"I'm excited by tomorrow, the stage will suit my riding, which is one speed tempo," said Hansen. "But if someone puts in a push, I doubt I'll be able to go with them. My approach is to go the same speed day in day out, all day long, and hope the others who surge tire," says Hansen, who is also mindful of protecting her damaged knee.
"If I split the knee again then I'm out. So smooth and consistent is the go tomorrow."
In the men's overall leader Andy Blair took advantage of his meticulous pre-event course research - a habit that paid dividends this year as it did in 2011.
In a pack with Nic Both, Ben Hogarth, Jack Haig and Robbie Hucker, Blair sat back and waited until the early crossing of the Todd River where he had already picked and tested the best line.
"Ben (Hogarth) and the Torq team set the pace high for first five or 10km until the crossing. Along with Nick Both I took the line I'd researched, picking the gap through sand. The others didn't and slowed, giving Nick and I a gap, which we worked together on to hold Torq boys at bay."
Blair's approach echoes last year when he "researched" what is now known as Blair's Stairs to find the best ride line. As then it paid off.
"It was enough to keep the pressure on them. We re-grouped briefly, but as soon as we hit the undulating trails, I hit the gas and got away on my own. By the time I was on the rollercoaster section they were all out of sight, which I guess would have made it hard for boys mentally, not being able to see me."
Both chased hard, nearly bridging the gap to Blair, while the other riders remained apart, unable to work together to reel in Blair everyone on own after that so they couldn't work together.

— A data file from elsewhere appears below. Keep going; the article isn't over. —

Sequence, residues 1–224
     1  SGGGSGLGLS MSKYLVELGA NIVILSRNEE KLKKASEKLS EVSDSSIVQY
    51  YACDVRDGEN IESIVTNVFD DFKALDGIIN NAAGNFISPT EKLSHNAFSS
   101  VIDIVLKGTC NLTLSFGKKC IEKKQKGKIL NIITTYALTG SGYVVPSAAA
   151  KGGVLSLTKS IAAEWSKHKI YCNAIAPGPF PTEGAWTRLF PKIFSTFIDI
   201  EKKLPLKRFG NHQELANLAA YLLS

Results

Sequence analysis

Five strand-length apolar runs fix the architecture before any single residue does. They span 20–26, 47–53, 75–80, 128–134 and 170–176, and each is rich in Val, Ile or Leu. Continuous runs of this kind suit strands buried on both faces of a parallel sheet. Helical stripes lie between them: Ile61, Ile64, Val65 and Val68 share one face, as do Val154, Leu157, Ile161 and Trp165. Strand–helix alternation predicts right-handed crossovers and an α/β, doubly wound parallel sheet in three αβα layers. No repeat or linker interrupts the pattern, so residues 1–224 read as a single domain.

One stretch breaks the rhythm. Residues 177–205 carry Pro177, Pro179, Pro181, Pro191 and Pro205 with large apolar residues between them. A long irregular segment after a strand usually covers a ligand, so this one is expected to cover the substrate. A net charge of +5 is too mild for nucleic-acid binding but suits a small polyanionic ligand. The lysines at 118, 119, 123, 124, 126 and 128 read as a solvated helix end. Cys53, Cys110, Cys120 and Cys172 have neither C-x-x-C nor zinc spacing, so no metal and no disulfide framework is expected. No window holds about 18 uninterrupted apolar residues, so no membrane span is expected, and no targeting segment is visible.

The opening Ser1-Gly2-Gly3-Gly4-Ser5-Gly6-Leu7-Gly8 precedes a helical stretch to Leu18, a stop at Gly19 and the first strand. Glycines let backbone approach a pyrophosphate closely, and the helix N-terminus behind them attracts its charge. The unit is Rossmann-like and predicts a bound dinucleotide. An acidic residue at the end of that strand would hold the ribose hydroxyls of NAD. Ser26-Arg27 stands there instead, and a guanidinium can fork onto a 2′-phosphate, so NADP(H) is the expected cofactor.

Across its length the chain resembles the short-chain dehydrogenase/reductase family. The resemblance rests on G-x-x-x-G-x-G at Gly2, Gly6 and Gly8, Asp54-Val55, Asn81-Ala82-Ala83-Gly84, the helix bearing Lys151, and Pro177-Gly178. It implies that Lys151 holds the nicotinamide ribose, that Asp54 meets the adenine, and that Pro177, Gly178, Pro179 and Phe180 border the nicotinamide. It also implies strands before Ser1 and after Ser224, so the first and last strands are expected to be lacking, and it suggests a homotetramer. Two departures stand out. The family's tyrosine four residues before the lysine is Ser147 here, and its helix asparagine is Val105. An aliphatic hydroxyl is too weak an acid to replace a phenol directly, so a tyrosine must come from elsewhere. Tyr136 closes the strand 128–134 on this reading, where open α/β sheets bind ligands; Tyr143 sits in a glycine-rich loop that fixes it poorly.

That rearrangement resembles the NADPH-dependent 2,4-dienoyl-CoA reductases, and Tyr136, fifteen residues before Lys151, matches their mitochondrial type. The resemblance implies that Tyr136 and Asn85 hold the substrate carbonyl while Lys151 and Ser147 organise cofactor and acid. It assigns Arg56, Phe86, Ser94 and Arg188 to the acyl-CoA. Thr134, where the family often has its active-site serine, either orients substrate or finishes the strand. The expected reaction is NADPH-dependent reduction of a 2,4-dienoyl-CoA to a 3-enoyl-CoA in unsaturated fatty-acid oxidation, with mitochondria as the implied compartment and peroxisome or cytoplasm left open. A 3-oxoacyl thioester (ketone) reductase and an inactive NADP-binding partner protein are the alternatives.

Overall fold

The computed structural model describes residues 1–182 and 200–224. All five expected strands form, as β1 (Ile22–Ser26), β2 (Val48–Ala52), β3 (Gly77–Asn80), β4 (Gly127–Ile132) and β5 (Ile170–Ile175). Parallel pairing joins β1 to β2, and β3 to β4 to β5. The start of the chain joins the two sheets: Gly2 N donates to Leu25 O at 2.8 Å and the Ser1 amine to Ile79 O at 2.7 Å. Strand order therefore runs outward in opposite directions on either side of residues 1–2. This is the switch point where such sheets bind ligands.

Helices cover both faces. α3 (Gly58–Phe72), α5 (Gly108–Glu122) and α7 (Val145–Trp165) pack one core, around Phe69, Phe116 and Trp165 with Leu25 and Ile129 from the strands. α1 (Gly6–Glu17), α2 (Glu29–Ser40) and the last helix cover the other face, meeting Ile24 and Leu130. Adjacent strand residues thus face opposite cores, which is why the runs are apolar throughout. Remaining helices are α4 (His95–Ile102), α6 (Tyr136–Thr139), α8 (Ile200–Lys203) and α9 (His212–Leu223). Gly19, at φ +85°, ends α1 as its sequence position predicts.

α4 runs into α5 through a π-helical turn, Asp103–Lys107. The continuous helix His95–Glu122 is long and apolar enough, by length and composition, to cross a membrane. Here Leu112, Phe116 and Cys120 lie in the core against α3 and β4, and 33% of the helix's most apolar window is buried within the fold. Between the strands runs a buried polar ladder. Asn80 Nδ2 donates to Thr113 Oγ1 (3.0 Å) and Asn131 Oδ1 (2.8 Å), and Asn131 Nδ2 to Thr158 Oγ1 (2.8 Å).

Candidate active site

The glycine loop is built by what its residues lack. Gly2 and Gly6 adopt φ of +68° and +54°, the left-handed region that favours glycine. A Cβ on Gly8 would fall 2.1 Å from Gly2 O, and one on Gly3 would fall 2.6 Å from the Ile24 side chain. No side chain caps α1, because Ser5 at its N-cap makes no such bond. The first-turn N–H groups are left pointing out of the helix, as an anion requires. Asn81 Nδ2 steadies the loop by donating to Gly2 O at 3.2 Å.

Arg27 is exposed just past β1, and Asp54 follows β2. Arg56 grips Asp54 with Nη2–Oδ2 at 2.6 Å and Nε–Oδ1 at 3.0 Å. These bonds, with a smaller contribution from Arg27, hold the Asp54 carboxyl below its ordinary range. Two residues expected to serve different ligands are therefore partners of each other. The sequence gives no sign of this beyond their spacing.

"Blair didn't relax, however, knowing that this was the stage last year that ended in a protest after a sprint to the line finish ended in confusion, Blair getting what he called at the time "the rough end of the stick".
"I was keen to make amends for last year and it was on my mind."
Blair, who says he is in fine physical form, notes the massive mental difference knowing the course inside out makes.
"I speak to (local rider and ICME six timer) Paul Darvodelsky every night before the next stage - he tells me about the course in details - little things to watch for - and I study the maps, because - especially with on stage 3, there's a fast finish and the last thing you need when riding out front on your own is to be second guessing if you're on the course."
Of tomorrow's stage 4, the longest of the event at 77km, Blair is cautions, knowing a long flat middle section throws up opportunity for other riders to find some serious time.
"It'll be an exciting stage. Last year guys who had lost time in earlier stages broke away from the lead pack - it's the perfect opportunity for someone to sneak a stage win. I think Hogarth, Both, Sewell - and other guys who have suffered mechanicals and flats - will all be thinking of making a break.
Men general classification after stage 3
Women general classification after stage 3
For more about this week's racing see Cycling News HD